FDIC Expands De Novo Period: Guidance for State, Nonmember Banks That Are Fewer Than Seven Years Old

Author:Ms Kathryn Edge
Profession:Miller & Martin
 
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On August 28, 2009, the FDIC issued new supervisory guidance advising the banking industry that the agency is extending the de novo period from three (3) to seven (7) years. Nationwide, the FDIC asserts that "newly formed insured institutions pose an elevated risk to the FDIC Deposit Insurance Fund," prompting the FDIC to unilaterally revise the Orders issued to new banks over the last few years that set out capital and allowance for loan and lease losses requirements, as well as other opening restrictions. At this time, we do not have definitive information about what, if anything, the state regulators, the Federal Reserve, or the Comptroller of the Currency may do to complement or contradict the FDIC's new supervisory position. We suspect that financial and personnel resources will be key to other agencies' decisions. When that information is available, we will notify our clients accordingly.

Capital Under existing policy, newly insured FDIC-supervised banks are subject to higher capital requirements during the first three years of operation. The new supervisory guidance expands that period from three to seven years, which the FDIC says is consistent with the deposit insurance assessment rules. In Tennessee, the FDIC and the Commissioner of Financial Institutions have required that a new bank operate with not less than 8% Tier 1 Leverage capital for the first three years of operations. We are currently assuming that a bank that is five years old, for example, would be placed back under the 8% requirement even if its capital had dropped to under 8% in the years since its third anniversary. Nothing in the guidance suggests otherwise.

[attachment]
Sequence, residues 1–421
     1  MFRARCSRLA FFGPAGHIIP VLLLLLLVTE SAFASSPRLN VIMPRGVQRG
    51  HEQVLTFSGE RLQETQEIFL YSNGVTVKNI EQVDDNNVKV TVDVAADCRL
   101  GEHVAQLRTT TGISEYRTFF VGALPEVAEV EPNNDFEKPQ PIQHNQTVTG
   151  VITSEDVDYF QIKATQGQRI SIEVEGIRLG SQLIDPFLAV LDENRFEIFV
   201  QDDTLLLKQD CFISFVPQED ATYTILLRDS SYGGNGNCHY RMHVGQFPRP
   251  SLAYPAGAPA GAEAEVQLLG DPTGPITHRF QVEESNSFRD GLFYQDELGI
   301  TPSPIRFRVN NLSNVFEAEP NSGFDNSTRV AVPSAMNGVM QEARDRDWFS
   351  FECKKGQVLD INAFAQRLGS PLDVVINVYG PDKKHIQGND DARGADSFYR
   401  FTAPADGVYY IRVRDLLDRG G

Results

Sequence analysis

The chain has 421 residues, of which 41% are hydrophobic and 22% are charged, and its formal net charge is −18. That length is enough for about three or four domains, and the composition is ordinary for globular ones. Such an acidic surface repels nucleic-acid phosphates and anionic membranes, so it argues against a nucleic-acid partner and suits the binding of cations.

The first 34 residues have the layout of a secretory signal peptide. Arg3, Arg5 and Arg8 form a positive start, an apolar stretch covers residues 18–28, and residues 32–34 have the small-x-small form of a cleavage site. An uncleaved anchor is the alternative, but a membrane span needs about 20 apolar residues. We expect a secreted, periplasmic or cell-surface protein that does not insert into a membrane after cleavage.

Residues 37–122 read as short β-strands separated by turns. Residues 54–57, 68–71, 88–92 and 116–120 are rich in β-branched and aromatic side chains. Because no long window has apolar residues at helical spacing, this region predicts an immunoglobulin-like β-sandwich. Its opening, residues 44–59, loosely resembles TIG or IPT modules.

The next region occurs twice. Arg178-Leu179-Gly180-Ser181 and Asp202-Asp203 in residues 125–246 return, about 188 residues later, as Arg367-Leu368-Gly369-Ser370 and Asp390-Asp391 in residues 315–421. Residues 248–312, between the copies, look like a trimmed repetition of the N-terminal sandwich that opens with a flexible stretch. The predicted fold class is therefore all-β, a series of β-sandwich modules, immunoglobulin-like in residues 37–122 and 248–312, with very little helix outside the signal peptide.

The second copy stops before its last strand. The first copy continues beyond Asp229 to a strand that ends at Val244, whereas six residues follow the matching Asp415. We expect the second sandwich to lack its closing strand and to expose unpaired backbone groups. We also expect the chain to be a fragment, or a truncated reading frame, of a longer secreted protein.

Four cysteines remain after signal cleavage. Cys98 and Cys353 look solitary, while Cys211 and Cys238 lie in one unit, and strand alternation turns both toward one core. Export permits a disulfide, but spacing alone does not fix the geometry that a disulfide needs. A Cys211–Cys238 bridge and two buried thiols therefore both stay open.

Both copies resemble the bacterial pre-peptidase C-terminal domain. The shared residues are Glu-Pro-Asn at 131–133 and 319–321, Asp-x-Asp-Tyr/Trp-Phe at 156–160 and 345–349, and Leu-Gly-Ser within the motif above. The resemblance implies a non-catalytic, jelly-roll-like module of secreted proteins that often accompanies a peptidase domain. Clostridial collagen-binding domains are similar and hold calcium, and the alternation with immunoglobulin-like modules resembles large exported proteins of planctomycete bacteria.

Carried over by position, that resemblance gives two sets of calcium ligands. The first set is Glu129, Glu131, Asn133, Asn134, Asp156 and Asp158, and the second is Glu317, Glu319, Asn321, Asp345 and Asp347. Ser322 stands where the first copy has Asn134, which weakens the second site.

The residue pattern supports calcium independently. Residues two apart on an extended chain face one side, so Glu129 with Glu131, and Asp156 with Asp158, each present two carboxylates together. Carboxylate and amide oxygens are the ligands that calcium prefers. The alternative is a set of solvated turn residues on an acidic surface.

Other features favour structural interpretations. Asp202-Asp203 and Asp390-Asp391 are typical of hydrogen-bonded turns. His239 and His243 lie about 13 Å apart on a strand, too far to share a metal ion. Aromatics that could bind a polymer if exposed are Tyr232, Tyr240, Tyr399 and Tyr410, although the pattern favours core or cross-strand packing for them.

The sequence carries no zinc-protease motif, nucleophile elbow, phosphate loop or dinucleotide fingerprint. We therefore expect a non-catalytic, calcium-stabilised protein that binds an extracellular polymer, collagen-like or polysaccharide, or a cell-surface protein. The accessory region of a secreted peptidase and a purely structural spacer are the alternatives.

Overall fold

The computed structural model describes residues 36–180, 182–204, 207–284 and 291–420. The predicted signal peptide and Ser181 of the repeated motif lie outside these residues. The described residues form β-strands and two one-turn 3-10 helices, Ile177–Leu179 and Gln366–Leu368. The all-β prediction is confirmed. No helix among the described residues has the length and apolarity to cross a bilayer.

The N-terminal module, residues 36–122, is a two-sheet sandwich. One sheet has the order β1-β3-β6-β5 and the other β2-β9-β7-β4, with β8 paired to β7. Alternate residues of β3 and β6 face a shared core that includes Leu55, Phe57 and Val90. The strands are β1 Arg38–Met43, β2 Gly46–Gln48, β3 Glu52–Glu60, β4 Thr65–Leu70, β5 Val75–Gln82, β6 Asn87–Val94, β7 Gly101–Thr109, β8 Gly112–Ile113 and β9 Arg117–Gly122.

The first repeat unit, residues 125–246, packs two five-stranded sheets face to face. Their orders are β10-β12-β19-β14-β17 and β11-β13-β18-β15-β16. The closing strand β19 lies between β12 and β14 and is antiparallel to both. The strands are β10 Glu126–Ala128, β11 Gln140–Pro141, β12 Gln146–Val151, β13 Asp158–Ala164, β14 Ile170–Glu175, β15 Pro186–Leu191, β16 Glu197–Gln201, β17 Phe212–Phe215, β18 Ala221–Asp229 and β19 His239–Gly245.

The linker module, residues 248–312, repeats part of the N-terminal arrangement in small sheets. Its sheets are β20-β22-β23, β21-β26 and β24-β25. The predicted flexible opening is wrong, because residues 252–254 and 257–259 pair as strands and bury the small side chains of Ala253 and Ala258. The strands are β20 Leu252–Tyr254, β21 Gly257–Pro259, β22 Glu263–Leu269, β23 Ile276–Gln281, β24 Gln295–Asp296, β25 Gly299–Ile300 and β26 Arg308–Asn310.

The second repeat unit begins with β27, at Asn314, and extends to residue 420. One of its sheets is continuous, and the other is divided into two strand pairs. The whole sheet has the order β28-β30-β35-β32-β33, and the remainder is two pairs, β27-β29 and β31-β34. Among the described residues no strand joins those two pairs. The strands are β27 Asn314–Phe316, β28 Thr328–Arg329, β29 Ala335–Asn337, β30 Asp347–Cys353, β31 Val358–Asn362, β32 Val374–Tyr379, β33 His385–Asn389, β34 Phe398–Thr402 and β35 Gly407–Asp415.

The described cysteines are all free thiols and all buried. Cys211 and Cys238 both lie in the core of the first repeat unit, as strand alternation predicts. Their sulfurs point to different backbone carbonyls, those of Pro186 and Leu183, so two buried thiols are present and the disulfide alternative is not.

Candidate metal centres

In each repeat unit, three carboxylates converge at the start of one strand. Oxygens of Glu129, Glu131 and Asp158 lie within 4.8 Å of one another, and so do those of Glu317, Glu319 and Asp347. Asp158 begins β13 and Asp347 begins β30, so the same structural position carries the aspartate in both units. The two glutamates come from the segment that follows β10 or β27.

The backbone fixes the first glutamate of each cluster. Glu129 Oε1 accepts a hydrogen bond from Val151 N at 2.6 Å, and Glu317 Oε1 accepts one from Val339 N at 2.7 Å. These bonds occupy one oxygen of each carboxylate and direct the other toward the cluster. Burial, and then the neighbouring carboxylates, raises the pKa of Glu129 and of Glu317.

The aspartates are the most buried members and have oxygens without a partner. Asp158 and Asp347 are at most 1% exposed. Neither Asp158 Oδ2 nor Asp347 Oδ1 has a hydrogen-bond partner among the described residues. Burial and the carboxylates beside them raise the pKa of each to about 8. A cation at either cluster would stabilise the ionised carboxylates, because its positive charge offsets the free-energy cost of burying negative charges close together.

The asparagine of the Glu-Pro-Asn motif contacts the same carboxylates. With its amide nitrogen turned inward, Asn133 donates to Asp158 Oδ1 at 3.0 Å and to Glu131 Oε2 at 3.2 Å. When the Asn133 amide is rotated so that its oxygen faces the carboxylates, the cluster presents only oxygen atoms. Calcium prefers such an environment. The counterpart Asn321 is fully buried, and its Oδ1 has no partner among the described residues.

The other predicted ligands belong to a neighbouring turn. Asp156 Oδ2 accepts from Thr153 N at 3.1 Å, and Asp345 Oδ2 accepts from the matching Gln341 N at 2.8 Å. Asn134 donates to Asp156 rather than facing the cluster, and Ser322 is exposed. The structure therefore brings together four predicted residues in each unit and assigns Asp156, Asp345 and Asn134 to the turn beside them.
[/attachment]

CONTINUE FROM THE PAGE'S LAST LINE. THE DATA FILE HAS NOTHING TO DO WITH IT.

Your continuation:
Examinations The FDIC is also revising its visitation and examination schedules for risk management, compliance examinations, and CRA evaluations for newly insured nonmember banks. New FDIC-supervised banks will undergo a limited-scope examination for risk management within the first six months of operation and a full-scope examination within the first twelve months. Subsequent to the first full examination and through the seventh year of operation, the bank will remain on a 12-month examination cycle. No 18- month interval examinations will be applied during the first seven years of operation. We do not yet know how this will affect joint examinations conducted by state regulators and the FDIC.

All new banks will undergo a full-scope compliance examination and a CRA evaluation within the first 12 months of operation. A visitation...

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